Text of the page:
Feature Contributors


It always is amazing how stores change their inventory based on the holidays and seasons. Spring is near and you can tell based on all the lawn and garden materials that are being displayed. A big part of those are the chemicals that can be used. Safe use of these pesticides starts with understanding what a pesticide is. It starts out with understanding the word 'pesticide' and knowing its job is to "kill or alter a pest behavior".

Pesticides are then divided into specific types. For example, a fungicide controls fungal disease, an insecticide controls insects, and an herbicide controls herbaceous plants, usually considered weeds. Mouse and rat poisons are called rodenticides.

Pesticides can be purchased as bags of dust, soluble powders, and emulsifiable concentrates, as well as many other formulations. Each formulation has advantages and disadvantages. Rarely do I ever recommend a dust but there are a few cases where this is the proper product formulation to use.

There are pesticides that are classified as "Restricted use". These are available to licensed applicators. General-use pesticides are usually what is available to the homeowner. Clearly stated on the label, under "ingredients," one will find active ingredients and inert ingredients. When I talk to people about the use of a pesticide, I refer to the active ingredient because brand names can change.

The active ingredient is the pesticide, and the inert ingredient is the carrier or what the pesticide is put on or in. An example is very finely ground clay that may be used as a carrier for a pesticide sold as dust. In addition, the percentages of the active inert ingredients will be listed.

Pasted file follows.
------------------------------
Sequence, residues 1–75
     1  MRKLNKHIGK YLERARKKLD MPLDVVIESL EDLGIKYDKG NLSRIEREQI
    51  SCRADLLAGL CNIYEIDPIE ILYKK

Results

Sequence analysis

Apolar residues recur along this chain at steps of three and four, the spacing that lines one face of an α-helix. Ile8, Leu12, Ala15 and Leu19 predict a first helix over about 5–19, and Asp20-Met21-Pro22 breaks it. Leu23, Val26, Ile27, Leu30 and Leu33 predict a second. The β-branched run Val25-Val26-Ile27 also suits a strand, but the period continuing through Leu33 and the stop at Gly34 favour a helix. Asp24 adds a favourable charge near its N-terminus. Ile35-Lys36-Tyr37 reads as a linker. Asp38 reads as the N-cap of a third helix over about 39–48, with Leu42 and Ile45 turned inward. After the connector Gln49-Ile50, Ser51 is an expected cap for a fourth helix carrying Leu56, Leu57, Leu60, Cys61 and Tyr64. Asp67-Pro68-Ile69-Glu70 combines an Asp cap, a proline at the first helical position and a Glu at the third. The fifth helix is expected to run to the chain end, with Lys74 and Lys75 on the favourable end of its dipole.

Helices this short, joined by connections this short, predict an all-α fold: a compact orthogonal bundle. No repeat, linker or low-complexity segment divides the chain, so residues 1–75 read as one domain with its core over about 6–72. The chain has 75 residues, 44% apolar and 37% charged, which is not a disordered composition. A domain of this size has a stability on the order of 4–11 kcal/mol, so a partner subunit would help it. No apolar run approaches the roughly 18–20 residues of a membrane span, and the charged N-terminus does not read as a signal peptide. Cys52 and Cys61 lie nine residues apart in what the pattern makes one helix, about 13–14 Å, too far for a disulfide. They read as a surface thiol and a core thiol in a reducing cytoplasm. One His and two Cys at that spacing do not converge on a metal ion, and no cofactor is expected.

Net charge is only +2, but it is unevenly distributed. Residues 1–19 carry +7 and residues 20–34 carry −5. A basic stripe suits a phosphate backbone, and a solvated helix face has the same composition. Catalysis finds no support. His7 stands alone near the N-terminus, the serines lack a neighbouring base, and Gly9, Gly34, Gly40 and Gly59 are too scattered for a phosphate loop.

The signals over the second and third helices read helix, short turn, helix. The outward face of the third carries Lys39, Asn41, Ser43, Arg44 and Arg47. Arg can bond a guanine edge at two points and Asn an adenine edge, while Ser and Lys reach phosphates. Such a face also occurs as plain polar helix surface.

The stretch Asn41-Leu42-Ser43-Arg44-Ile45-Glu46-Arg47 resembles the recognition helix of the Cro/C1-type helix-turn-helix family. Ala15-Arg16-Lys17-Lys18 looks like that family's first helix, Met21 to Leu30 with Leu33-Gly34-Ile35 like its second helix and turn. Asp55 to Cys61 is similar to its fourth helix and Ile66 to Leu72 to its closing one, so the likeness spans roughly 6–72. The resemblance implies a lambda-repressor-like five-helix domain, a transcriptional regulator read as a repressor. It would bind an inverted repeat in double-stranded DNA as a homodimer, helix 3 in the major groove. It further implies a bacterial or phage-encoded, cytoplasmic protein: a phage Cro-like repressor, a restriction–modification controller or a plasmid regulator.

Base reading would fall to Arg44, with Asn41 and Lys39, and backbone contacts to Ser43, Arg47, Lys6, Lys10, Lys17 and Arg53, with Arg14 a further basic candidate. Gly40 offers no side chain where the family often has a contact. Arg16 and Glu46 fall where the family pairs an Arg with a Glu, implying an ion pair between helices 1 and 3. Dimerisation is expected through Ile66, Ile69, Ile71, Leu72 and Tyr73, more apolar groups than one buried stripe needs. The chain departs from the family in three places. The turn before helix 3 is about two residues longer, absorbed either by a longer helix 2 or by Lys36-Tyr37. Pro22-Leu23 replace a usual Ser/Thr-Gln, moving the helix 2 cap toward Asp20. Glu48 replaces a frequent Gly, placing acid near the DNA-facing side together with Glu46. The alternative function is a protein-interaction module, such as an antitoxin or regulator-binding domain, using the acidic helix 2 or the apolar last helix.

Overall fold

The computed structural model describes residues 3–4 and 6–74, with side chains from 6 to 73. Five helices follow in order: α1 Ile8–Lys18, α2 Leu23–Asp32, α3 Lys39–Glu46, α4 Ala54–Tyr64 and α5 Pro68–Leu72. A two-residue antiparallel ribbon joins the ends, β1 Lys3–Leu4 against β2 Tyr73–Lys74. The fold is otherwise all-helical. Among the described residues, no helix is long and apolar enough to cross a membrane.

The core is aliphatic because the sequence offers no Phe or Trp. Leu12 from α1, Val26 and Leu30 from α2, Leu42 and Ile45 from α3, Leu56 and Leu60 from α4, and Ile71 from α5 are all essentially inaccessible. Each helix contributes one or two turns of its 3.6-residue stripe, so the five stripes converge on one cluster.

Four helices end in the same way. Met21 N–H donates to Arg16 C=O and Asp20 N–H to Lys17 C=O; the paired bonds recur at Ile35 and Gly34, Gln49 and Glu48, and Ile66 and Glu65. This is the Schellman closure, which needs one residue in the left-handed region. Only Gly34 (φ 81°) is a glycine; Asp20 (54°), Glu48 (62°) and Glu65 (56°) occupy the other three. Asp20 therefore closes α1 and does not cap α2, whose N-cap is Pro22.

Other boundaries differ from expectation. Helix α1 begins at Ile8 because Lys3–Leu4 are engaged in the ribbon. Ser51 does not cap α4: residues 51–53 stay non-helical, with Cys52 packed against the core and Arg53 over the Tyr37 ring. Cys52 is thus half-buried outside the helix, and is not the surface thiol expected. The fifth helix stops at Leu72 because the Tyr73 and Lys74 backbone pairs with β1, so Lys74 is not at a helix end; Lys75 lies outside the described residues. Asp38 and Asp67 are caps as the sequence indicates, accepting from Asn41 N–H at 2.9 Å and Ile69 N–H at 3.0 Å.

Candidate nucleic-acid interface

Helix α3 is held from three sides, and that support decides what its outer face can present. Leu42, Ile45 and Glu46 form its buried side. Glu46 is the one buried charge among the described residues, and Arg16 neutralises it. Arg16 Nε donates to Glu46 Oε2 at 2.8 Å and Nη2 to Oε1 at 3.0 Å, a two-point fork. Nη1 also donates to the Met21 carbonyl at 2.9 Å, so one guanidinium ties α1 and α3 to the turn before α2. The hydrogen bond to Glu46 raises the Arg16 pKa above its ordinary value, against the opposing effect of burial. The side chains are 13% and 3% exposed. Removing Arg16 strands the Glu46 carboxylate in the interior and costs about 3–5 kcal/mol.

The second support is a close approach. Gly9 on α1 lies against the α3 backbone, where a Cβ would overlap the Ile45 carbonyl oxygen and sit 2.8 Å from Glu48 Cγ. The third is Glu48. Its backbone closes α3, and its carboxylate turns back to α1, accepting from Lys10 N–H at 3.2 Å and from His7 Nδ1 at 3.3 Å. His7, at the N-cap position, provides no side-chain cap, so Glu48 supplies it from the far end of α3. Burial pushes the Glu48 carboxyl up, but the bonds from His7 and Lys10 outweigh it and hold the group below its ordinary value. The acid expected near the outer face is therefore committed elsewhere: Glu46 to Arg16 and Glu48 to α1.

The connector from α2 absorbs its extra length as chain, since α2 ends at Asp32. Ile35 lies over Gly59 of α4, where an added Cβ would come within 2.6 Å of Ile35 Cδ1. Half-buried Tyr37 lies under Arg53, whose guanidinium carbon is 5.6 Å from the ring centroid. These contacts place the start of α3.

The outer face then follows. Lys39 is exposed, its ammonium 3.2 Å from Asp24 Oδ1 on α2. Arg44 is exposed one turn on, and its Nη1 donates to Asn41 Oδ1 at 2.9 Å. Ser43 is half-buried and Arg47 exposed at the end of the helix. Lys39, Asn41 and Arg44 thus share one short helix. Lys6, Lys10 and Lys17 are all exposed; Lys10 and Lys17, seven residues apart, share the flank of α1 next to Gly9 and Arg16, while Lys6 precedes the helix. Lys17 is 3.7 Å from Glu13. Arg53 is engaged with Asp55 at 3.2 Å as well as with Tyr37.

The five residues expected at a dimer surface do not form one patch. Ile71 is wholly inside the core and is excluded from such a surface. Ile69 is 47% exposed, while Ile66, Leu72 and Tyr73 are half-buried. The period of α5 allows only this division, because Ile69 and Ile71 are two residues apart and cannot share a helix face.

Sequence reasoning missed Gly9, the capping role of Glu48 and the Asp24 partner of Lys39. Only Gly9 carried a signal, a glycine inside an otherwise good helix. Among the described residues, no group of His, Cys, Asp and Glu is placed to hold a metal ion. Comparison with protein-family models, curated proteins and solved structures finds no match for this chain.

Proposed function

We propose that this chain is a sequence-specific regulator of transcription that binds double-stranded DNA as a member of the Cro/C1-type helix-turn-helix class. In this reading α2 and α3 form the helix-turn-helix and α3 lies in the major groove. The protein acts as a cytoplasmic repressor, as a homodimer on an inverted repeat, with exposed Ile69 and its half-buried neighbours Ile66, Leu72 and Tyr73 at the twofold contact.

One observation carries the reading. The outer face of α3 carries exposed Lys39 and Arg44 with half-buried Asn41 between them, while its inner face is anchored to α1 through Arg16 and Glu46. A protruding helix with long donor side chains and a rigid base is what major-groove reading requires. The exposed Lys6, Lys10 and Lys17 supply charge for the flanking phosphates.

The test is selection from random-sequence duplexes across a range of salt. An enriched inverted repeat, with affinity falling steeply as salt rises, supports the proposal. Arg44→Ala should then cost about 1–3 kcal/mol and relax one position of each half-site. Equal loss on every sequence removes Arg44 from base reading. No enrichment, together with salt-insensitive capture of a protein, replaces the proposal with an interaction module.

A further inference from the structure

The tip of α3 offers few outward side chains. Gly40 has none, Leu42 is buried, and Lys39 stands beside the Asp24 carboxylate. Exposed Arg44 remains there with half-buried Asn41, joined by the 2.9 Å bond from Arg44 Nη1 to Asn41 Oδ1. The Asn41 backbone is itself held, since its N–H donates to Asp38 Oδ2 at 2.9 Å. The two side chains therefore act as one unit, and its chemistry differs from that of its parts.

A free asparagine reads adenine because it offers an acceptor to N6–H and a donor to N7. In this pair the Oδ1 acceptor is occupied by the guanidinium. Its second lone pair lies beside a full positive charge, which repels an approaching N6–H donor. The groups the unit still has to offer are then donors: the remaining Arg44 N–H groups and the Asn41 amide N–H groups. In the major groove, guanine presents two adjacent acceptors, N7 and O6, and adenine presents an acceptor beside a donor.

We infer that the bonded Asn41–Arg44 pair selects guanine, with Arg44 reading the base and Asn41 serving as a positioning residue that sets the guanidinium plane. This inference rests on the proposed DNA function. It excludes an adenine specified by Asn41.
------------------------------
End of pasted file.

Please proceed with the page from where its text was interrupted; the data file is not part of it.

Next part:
The label on this product is how this product has made it to market. The EPA regulates pesticides and they have deemed that if you follow the label, the benefits of the product outweighthe risk. The label is the law. You are to follow its instructions.

On the label are signal words that provide a general indication of the acute toxicity of the product. 'DANGER-POISON' with skull and crossbones denotes the most toxic products, and these generally require a license to purchase and use. 'WARNING' is the next category. The pesticides that come with the signal word 'CAUTION' are safer than the previous two groups.

It is important to read the precautionary statement found on the label. It has information on human and animal hazards, environmental hazards, and physical and chemical hazards. First-aid information is also included.

The directions-for-use section is essential to be read thoroughly before a pesticide is used. The directions area covers mixing rates, re-entry information, and how to store, dispose of, and apply the product.

Read the entire label before buying, mixing, using, storing, and disposing of pesticides so no harm is done to humans, animals, or the environment.

Only use pesticides when necessary and only at the least recommended label amount to control the pest. These are the recommendations for the safe and responsible use of a pesticide.